!Nara seed oil: The !Nara melon is harvested as a valuable food source by the Topnaar people living along the Kuiseb River. The seeds of the melon are pressed to extract the rich oils – which have been used for centuries by these desert-dwellers to protect their skin against the harsh, arid climate. !Nara oil is now available in various products such as soaps, creams and skin peels – so you too can benefit from the ancient moisturising secrets of the Topnaars!
- Baobab oil: This characteristic African tree is more than just a pretty sight – the oil extracted from its seeds is rich in vitamins and extremely moisturising. It is also used to treat mild skin complaints, and some women in Africa may use it to treat their hair.
!Nara seed oil products on sale in Swakopmund
The competition was organized with financial support from the Millennium Challenge Account (MCA-Namibia) and the Natural Resources Institute at the University of Greenwich.
The winning products – Sophia Snyman’s “Desert Secret” and Tamarind Nott’s - ‘Rare Scent” will be handed out to delegates during the 2013 Adventure Travel World Summit, held in October in Namibia.
Shop for Namibian essential oil and resin products in Windhoek’s Craft Centre and Maerua Mall, and Swakopmund’s Kubatsirana Arts and Crafts Shop.
How can 44 people in Switzerland spread a message about conservation in Namibia?
1) Give them matching shirts – because matching shirts mean togetherness.
2) Give them music.
3) Make sure they are from Namibia!
Team Destination Namibia recently took the Adventure Travel World Summit in Lucerne,
Switzerland by storm, with their simple message: 42%.
42% is the amount of land under conservation management in Namibia – more than
any other country in the world. This number is a testament to Namibia’s innovative
conservation policies that put conservation in communities’ hands.
Team Destination Namibia sported t-shirts with 42% across the front, and were armed with
maps to show delegates from around the world exactly what 42% looked like and meant to
Namibians. The Director of Tourism, Mr. Sem Shikongo, was right, when he invited the 700
delegates to Namibia, and said “I know we can inspire you.”
Namibia’s passion was contagious, and on the closing night, hosted by Namibia, when the
choir performed, the music literally brought tears to peoples eyes. Not just the Namibians,
but delegates from Egypt, Mexico and Switzerland said they were moved by the authentic
voices resonating through the concert hall.
Watch a video about the 42% here.
The Adventure Travel & Tourism Association announced today that it has chosen Namibia to be the site of its annual Adventure Travel World Summit in October 2013.
Namibia is excited to welcome nearly 600 of the world's leading tour operators, travel agents, destination managers, outfitters, and media professionals for an engaging five days of networking and learning focused on adventure travel.
The Summit will take place in Windhoek and Swakopmund, Namibia's adventure capital, including several opportunities for delegates to explore the country with pre- and post-Summit activities.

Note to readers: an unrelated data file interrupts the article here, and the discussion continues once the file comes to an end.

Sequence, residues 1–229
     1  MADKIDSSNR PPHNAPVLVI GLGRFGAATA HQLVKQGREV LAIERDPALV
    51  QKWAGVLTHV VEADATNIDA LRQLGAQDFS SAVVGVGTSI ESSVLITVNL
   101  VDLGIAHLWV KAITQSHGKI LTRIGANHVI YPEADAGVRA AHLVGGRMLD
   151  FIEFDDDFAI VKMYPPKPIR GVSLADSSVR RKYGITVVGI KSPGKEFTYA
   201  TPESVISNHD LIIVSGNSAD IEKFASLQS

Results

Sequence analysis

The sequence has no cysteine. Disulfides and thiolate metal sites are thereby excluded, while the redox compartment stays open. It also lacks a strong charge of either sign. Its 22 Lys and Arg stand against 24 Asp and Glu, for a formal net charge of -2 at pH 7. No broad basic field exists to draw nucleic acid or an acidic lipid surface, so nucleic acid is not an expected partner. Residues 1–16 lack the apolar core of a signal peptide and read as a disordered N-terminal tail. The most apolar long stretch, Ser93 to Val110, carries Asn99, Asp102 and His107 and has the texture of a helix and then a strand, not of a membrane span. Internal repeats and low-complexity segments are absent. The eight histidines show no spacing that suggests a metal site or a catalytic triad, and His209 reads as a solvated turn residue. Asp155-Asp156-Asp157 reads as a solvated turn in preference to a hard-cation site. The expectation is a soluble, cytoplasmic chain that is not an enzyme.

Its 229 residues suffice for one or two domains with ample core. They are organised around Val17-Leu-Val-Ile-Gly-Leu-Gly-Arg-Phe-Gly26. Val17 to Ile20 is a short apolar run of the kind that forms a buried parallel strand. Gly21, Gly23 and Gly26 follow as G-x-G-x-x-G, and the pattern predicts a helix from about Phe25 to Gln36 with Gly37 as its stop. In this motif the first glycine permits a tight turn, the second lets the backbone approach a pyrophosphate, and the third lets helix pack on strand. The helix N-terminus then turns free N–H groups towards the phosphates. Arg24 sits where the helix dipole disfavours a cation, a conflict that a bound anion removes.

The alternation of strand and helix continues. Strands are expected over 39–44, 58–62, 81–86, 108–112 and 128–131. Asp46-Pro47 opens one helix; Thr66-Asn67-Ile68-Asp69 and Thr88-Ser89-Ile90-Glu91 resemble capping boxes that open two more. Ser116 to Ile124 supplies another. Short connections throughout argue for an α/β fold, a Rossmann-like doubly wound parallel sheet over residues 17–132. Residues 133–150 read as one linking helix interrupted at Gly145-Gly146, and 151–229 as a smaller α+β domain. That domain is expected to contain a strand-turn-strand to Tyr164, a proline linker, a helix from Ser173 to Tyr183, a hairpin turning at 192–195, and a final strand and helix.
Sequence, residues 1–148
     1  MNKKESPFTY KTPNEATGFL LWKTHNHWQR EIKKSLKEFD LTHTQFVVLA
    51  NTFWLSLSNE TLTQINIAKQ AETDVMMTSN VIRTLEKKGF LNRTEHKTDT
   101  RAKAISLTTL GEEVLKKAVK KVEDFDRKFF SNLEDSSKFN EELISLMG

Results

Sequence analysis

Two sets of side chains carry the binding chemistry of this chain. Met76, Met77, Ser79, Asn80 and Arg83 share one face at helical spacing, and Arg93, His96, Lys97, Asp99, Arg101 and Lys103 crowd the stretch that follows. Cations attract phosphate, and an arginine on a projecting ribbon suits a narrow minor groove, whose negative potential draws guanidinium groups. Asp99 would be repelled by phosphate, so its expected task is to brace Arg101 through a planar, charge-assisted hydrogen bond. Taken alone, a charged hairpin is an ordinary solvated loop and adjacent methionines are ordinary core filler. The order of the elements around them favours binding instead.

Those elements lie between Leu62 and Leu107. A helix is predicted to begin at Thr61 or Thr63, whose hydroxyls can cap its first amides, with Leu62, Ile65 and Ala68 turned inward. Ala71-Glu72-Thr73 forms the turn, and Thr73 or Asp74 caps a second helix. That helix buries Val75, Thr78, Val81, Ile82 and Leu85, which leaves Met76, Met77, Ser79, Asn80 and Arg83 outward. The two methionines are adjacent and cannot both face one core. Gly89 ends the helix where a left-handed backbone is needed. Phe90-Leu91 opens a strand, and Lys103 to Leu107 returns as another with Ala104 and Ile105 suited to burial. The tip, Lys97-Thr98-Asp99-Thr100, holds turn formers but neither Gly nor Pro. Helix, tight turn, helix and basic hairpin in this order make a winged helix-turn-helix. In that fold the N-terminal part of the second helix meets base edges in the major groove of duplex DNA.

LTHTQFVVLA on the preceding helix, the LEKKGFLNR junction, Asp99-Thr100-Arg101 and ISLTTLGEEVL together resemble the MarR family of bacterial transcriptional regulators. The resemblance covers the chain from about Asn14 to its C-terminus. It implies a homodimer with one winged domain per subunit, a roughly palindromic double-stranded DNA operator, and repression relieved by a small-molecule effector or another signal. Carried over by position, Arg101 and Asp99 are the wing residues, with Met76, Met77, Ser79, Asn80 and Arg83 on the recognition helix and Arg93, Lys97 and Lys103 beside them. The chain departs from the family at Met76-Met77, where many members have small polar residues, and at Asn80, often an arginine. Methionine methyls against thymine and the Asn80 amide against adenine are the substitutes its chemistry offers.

The Summit will be an opportunity to highlight Namibia's incredible adventure assets, such as biking, hiking, endurance racing and camping - as well as some more uniquely "Namibian" adventures activities such as dune skiing and sandboarding. The summit will also highlight Namibia's exceptional conservation record and its global leadership in promoting conservation through smart tourism.
When ATTA President Shannon Stowell visited Namibia in June of 2012, he stated:
“Namibia offers one of the most compelling success stories in tourism today, one of joint venture tourism and partnerships between communal conservancies and tourism enterprises. Namibia’s model of conservancies, joint venture partnerships and conservation is a model that we should put on display. It’s a story that should be told. I’d previously heard the discussions, watched the films and I still didn’t understand it fully it until I came and saw it in action. Our delegates are sure to gain immense insights from their experiences in Namibia.”
This will be the first time the summit has been hosted in Africa. Namibia is excited to show the adventure travel tribe the kind of hospitality and excitedment the continent is known for.
Read the official statement from the Ministry of Environment and the Namibia Tourism Board here.
A traditional leader from Namibia’s Caprivi region who has travelled the world sharing his innovative approach to conservation and development, Chief Mayuni has been described as a leader, a visionary and a motivator. A tireless champion for conservation and community development, Chief Mayuni is a Conservation Hero.
The Chief was one of the first to realize that tourism was the key to conservation and the recovery of wildlife numbers in the Caprivi, after years of war and poaching. By negotiating joint venture agreements with lodges he helped to increase employment in the area and to secure the funds needed for conservancy game guards.
As a result, poaching was radically reduced and wildlife numbers recovered, but that brought problems. Elephants trample and eat crops. Predators take livestock. Tourism provides jobs, but that doesn’t help the farmers. Chief Mayuni’s response was to negotiate a compensation scheme with one of his lodge operators, so if a lion took a cow, the lodges would pay compensation. It became the forerunner of a nation-wide scheme that the Ministry of Environment and Tourism has embraced where communities are encouraged to use their income to pay those farmers that have suffered at the hands of wildlife.
As an advocate for conservation, community development and its links to tourism, Chief Mayuni participated in the 2011 Adventure Travel World Summit. In 2007, the Namibia Nature Foundation named Chief Mayuni their Environmentalist of the Decade.
Find out more about how tourism is helping to preserve wildlife in Namibia in the video below.